In the Beginning was the Deed: From Sensorimotor Interactions to Integrative Spatial Encodings

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Aufrufstatistik

URI: http://hdl.handle.net/10900/77224
http://nbn-resolving.de/urn:nbn:de:bsz:21-dspace-772243
http://dx.doi.org/10.15496/publikation-18625
Dokumentart: Dissertation
Date: 2017
Language: English
Faculty: 7 Mathematisch-Naturwissenschaftliche Fakultät
Department: Informatik
Advisor: Butz, Martin (Prof. Dr.)
Day of Oral Examination: 2017-07-14
DDC Classifikation: 000 - Computer science, information and general works
004 - Data processing and computer science
150 - Psychology
Keywords: Kognition
Other Keywords: Verhaltenssteuerung
räumliche Kognition
virtuelle Realität
spatial cognition
virtual reality
anticipatory behavior control
License: Publishing license excluding print on demand
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Abstract:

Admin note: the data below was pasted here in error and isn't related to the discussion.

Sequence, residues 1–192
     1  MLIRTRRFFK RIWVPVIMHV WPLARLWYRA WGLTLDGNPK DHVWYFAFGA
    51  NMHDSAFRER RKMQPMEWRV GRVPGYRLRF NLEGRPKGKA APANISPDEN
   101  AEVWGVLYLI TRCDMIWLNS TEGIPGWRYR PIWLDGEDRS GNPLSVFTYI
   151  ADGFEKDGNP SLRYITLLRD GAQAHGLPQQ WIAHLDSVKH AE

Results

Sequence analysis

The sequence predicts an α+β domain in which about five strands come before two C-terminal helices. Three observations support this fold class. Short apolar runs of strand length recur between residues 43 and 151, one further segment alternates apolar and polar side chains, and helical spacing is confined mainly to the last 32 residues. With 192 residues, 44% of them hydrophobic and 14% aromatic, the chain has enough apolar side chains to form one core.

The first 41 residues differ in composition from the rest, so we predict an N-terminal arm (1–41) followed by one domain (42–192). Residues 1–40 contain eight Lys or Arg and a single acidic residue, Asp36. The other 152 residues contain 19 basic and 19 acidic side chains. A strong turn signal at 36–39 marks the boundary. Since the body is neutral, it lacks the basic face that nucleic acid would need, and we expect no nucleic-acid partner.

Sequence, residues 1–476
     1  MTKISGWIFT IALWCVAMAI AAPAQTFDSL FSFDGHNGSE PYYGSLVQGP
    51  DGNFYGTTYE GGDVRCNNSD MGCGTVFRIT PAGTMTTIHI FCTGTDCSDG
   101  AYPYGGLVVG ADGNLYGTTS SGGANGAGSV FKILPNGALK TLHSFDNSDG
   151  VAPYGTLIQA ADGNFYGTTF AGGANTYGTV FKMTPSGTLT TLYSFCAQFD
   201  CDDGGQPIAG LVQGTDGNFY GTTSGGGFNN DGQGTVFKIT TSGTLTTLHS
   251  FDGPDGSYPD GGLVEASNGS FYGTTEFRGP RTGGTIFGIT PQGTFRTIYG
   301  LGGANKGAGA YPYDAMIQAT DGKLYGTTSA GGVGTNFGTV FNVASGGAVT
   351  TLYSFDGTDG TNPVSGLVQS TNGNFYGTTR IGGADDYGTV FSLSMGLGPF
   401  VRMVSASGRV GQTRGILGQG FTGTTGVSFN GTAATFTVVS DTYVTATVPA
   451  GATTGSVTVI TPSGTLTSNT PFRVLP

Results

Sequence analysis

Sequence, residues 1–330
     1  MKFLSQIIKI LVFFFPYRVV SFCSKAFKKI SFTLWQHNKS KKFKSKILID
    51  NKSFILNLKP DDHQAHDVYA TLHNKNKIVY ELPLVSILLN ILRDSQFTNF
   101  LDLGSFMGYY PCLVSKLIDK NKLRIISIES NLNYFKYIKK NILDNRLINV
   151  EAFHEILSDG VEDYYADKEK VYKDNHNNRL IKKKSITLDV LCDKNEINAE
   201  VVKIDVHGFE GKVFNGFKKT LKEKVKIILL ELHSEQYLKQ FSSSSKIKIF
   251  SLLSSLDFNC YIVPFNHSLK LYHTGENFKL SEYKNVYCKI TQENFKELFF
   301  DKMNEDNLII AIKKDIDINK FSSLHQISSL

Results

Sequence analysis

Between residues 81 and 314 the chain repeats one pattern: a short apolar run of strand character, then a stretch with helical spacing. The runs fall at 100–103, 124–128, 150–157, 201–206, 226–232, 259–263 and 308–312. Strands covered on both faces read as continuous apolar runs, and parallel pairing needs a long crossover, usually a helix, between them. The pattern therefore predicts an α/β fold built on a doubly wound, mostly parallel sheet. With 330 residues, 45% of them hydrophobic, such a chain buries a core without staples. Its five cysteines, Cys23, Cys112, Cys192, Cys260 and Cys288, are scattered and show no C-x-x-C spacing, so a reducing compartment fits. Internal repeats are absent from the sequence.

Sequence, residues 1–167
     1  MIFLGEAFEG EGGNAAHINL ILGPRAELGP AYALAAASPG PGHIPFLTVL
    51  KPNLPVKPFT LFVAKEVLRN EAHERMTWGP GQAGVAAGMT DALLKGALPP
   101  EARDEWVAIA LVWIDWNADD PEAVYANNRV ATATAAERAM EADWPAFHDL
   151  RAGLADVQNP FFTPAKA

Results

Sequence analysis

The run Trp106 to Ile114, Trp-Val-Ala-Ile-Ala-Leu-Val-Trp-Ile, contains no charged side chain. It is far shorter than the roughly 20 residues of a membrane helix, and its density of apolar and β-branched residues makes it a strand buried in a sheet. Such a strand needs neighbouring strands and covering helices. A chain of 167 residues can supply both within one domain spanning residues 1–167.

Goal-oriented behavior requires reliable predictions regarding action outcomes. The theory of event segmentation and the free energy principle allow to derive hypotheses regarding the formation and maintenance of predictive models and their representational format. According to the free energy principle, cognitive systems constantly try to infer the causes of perceived sensations. This results in the formation of predictive models based on sensorimotor experience. Even if there is an ongoing debate regarding the representational format of these models, an integrative spatial code, which integrates different modalities in an abstract representation seems plausible. The integration process is assumed to be biased towards behaviorally relevant modalities. Moreover, a striving for consistency is assumed to maintain unambiguous states. Besides the representational format, the prediction process itself is of central interest. According to the event segmentation theory, cognitive systems segment the stream of sensorimotor information along significant changes, so-called event boundaries. Hence, it seems likely that predictions are carried out in terms of a simulation of the next, desired event boundary within the proposed integrative spatial code. The spatial code might support mental simulation in general, providing sensorimotor grounding to higher cognitive functions – as proposed by theories of embodied cognition. The proposed properties of the integrative spatial code were investigated in four studies, concerning the questions (i) whether multisensory integration is biased towards action-relevant modalities, (ii) how representations are kept consistent across frames of reference in case of multisensory conflict, (iii) if predictive models provide an anticipatory, event-like structure in the service of behavior control, and (iv) how different modalities are combined through a spatial code in the service of predictive simulations. The obtained results confirm the assumptions regarding the proposed integrative spatial code. The combination of the free energy principle and the theory of event segmentation seems a viable approach to account for the emergence of a predictive, integrative spatial code from sensorimotor interactions. The results allow the derivation of design principles for an artificial spatial reasoning system and the developed experimental paradigms allow further investigations of the causal role of spatial models in higher cognitive functions.

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